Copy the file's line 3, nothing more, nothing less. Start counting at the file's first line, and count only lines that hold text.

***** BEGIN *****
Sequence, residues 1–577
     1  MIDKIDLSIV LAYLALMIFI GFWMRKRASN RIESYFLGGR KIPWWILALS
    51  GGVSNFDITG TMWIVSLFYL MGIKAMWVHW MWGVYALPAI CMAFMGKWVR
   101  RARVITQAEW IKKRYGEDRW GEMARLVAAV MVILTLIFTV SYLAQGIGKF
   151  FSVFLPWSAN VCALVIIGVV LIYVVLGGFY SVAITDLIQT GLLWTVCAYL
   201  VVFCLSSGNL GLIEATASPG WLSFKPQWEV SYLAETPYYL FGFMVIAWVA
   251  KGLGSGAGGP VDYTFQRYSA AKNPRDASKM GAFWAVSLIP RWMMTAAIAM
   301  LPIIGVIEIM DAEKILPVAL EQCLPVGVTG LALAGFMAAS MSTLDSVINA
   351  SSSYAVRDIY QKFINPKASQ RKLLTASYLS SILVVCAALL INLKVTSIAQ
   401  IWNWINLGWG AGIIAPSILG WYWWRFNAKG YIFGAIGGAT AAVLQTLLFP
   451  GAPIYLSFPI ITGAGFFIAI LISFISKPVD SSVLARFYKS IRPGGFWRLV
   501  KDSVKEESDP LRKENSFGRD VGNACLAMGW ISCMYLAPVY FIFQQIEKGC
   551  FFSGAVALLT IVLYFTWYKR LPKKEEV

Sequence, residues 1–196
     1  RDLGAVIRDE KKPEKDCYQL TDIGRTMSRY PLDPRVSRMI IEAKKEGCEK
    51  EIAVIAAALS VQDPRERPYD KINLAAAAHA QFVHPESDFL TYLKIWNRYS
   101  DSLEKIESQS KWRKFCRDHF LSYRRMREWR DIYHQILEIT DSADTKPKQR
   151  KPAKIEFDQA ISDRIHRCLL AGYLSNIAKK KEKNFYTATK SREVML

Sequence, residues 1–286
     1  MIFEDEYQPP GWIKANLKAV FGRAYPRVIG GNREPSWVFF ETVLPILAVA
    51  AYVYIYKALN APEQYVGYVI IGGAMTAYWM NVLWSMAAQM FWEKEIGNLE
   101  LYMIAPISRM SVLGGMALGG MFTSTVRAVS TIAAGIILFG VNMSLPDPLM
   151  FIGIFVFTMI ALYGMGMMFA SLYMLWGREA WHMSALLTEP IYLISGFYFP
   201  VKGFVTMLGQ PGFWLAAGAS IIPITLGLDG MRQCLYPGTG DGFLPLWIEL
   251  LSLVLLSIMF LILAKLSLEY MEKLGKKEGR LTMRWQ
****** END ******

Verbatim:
    51  GGVSNFDITG TMWIVSLFYL MGIKAMWVHW MWGVYALPAI CMAFMGKWVR